Gallup is reporting that the GOP lead in congressional generic polling is now 10 points — the largest lead for the party in the storied polling firm’s history. The poll asks respondents which party they would prefer to see in control of Congress. Republicans now lead Gallup’s generic ballot 51-41.
Gallup attributes the double-digit Republican lead in its latest polling to the massive GOP advantage in voter enthusiasm, a story we’ve been talking about all year. The newest Gallup numbers show Republicans with a staggering 25% advantage in voter enthusiasm. What does that mean in real terms? “Republicans are now twice as likely as Democrats to be ‘very’ enthusiastic about voting,” the pollster writes.
Gallup is one of America’s oldest pollsters and has a long memory when it comes to political questions. Digging in its own archives, the pollster puts the month of August into historical perspective when it comes to the newest numbers:
The Republican leads of 6, 7, and 10 points this month are all higher than any previous midterm Republican advantage in Gallup’s history of tracking the generic ballot, which dates to 1942. Prior to this year, the highest such gap was five points, measured in June 2002 and July 1994. Elections in both of these years resulted in significant Republican gains in House seats.
This is the largest lead for Republicans in Gallup’s generic ballot poll, but Democrats have had much greater advantages in past numbers from the pollster. Ahead of the 1974 mid-term, for example, Democrats lead Gallup’s generic ballot poll by 32 points.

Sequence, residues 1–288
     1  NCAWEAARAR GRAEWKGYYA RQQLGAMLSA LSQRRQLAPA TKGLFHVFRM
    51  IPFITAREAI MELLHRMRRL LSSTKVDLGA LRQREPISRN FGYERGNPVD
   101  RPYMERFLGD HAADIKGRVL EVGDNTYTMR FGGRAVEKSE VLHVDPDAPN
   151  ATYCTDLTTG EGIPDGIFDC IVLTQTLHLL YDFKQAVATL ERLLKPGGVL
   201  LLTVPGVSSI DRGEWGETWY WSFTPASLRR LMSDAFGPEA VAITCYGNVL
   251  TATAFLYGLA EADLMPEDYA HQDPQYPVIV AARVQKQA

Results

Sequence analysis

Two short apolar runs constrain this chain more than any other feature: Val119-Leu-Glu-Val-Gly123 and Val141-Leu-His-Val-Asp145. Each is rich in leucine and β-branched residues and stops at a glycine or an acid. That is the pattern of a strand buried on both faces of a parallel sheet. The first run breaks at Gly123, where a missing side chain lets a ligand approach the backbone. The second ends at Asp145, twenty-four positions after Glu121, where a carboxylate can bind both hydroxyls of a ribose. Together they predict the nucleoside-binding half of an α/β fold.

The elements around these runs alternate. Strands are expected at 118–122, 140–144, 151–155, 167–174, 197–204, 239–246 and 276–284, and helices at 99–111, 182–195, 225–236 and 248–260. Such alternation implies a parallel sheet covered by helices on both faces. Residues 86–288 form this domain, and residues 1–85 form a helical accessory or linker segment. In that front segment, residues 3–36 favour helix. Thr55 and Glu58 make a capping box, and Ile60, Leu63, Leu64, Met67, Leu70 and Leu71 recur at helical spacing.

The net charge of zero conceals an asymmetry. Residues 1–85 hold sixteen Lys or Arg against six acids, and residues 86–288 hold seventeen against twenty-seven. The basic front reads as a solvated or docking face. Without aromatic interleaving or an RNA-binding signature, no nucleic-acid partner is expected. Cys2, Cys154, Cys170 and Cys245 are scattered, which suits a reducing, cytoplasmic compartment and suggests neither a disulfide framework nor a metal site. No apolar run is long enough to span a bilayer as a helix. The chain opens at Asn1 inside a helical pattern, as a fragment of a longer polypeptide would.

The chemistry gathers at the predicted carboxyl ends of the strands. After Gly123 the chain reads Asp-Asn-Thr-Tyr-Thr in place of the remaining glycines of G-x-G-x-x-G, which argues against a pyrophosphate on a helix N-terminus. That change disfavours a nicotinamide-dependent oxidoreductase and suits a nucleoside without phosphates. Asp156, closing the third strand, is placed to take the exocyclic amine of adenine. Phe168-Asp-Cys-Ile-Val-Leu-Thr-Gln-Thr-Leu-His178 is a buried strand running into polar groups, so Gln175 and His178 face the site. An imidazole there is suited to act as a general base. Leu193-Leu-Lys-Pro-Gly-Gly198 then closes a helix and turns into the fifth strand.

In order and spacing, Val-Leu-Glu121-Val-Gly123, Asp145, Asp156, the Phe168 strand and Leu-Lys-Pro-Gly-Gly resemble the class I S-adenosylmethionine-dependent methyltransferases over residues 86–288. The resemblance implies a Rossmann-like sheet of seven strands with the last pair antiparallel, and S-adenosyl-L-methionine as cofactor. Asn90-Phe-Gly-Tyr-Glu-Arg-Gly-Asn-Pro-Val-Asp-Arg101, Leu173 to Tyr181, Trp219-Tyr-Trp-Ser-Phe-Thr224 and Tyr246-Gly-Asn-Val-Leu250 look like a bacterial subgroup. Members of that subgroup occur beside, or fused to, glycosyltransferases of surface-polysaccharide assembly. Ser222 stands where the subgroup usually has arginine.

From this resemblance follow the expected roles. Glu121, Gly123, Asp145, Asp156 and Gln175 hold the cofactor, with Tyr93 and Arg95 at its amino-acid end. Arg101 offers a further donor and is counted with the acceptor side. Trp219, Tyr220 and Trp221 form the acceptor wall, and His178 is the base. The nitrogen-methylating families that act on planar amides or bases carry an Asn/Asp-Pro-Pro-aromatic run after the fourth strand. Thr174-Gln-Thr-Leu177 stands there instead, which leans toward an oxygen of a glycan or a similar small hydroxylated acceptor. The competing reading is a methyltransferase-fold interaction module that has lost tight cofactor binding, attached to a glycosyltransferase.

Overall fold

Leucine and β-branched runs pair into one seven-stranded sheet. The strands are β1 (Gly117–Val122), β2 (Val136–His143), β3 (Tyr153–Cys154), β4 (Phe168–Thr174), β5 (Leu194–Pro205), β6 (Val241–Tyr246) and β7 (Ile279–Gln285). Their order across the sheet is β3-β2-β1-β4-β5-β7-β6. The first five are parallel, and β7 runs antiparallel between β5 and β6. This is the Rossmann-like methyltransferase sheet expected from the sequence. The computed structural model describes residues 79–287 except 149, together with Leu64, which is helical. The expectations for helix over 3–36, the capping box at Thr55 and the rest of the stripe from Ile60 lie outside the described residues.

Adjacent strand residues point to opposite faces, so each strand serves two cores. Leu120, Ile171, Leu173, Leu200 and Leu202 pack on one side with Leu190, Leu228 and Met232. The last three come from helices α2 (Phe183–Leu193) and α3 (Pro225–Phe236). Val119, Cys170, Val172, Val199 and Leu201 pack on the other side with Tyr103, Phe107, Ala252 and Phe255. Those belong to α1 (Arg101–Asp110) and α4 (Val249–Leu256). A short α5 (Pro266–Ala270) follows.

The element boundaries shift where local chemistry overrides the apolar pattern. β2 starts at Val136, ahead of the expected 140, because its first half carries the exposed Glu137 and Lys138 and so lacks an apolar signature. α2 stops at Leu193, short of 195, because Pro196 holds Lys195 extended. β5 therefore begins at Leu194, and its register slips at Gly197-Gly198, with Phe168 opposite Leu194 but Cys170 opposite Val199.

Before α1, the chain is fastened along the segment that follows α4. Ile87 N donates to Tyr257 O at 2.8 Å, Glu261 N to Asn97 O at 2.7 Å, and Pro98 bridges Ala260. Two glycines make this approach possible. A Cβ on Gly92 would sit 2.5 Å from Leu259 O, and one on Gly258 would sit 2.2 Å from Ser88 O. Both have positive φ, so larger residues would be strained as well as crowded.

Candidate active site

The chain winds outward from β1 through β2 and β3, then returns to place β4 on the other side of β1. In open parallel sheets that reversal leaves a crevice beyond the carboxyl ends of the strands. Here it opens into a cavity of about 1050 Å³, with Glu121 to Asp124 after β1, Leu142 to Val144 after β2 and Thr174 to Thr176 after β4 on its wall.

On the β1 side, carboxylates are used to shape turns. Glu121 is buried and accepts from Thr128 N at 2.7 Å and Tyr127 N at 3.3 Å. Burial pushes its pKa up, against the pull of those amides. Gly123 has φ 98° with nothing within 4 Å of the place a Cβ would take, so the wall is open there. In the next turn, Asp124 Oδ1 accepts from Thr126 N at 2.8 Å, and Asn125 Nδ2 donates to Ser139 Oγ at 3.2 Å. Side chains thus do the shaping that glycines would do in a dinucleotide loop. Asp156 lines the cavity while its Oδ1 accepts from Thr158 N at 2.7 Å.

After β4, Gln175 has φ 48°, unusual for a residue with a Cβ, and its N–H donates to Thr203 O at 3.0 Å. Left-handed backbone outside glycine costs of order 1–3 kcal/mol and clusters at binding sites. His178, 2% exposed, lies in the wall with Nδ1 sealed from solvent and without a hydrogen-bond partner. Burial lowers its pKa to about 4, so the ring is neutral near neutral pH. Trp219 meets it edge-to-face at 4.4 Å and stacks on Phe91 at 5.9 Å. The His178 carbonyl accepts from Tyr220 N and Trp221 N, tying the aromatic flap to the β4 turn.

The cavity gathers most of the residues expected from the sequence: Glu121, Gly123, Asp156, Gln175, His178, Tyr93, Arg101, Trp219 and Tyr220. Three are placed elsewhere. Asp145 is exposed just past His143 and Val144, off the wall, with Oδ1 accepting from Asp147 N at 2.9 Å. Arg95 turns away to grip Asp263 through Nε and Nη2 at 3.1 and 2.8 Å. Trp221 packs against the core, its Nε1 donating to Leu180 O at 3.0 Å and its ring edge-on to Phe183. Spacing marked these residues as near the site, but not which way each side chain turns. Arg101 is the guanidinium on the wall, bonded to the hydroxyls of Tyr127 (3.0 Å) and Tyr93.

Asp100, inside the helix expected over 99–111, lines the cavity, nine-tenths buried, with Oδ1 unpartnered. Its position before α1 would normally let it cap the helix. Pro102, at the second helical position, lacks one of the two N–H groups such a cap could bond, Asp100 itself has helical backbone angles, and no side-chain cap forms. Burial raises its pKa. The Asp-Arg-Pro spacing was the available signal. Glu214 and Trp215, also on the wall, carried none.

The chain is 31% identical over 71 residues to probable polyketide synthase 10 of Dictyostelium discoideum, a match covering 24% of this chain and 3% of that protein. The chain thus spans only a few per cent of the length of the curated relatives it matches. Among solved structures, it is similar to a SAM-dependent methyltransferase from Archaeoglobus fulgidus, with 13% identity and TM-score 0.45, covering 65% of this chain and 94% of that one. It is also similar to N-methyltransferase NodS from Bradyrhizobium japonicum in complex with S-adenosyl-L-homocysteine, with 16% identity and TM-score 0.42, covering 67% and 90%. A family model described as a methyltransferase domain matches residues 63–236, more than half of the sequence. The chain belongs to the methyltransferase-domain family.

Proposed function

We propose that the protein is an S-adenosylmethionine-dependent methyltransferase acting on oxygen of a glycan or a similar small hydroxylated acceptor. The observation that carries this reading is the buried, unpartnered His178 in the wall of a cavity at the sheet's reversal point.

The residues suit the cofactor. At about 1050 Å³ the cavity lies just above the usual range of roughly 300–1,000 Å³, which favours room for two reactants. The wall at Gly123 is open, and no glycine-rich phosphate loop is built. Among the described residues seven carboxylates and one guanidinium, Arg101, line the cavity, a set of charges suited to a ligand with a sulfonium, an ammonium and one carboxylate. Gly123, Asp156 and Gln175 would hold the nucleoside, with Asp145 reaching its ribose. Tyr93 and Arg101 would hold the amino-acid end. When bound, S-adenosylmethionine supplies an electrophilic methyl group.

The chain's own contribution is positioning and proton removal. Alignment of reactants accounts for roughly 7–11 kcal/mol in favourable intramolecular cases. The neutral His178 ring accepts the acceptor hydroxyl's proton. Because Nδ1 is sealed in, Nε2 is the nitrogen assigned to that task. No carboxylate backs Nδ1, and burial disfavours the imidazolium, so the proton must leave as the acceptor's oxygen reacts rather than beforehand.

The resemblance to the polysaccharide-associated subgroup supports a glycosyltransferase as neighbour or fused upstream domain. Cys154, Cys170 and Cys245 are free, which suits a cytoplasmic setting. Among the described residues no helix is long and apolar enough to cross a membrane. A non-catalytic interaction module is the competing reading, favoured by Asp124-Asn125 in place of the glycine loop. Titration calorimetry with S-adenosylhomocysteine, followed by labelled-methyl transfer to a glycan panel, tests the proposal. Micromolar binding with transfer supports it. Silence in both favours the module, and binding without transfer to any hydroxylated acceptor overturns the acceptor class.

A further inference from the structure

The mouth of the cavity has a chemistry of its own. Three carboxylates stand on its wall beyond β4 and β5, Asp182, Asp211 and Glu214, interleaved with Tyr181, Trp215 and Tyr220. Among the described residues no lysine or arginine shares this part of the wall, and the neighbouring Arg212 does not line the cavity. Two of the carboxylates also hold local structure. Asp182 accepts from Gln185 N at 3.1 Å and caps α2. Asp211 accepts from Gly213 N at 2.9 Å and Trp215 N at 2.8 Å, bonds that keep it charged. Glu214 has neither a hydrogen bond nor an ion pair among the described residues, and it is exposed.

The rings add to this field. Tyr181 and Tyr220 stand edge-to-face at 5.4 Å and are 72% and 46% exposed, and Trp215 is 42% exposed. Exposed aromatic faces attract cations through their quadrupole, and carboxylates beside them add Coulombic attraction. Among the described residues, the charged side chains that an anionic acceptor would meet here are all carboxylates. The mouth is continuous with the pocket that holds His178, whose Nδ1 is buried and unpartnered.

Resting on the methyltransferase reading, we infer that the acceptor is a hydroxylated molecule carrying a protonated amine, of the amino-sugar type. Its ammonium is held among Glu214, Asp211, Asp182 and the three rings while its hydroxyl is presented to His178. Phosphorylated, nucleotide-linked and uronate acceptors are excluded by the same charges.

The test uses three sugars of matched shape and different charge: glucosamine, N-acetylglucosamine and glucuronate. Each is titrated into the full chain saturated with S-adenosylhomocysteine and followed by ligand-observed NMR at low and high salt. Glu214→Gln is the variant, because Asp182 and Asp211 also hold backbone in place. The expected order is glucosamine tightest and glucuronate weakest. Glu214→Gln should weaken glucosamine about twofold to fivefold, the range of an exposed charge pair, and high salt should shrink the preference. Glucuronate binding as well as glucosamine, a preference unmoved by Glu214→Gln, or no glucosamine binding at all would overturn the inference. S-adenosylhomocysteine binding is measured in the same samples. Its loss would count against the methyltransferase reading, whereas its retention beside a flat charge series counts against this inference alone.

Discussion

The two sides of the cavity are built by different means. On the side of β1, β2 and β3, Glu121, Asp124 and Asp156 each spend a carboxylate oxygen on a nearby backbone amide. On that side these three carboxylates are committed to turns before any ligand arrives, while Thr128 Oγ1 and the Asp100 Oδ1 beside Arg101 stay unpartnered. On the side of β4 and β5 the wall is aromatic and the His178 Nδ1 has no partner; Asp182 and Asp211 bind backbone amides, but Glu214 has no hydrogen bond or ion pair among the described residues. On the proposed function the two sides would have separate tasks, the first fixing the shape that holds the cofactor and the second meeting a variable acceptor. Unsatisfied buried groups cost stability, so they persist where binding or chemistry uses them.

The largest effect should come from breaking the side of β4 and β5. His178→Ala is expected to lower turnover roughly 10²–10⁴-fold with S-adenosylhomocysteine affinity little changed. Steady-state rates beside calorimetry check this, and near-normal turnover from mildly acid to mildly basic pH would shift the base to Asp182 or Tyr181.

It should be noted that other national polling has shown the generic ballot question to be much closer than Gallup says it is today. A Newsweek poll released last week for example showed Democrats and Republicans tied at 45% each on the generic ballot. The TPM Poll Average shows Republicans ahead 47.4-41.7.
But trendlines on the TPM Average confirm Gallup’s numbers that show Republicans with the momentum heading into the start of hardcore campaigning in November:
Democrats have argued that there’s still a lot of time before voters head to the polls in November, and they say that further public discussion of what they’ve accomplished since President Obama was inaugurated will close the gap for the Democrats by Election Day. But Republicans say that it’s what the Democrats haven’t accomplished — namely, putting a big dent in the nation’s unemployment numbers — that will tilt things heavily in the GOP’s favor when all is said and done this year.
Gallup surveyed 1,540 registered voters Aug. 23-29. The margin of error is 4%.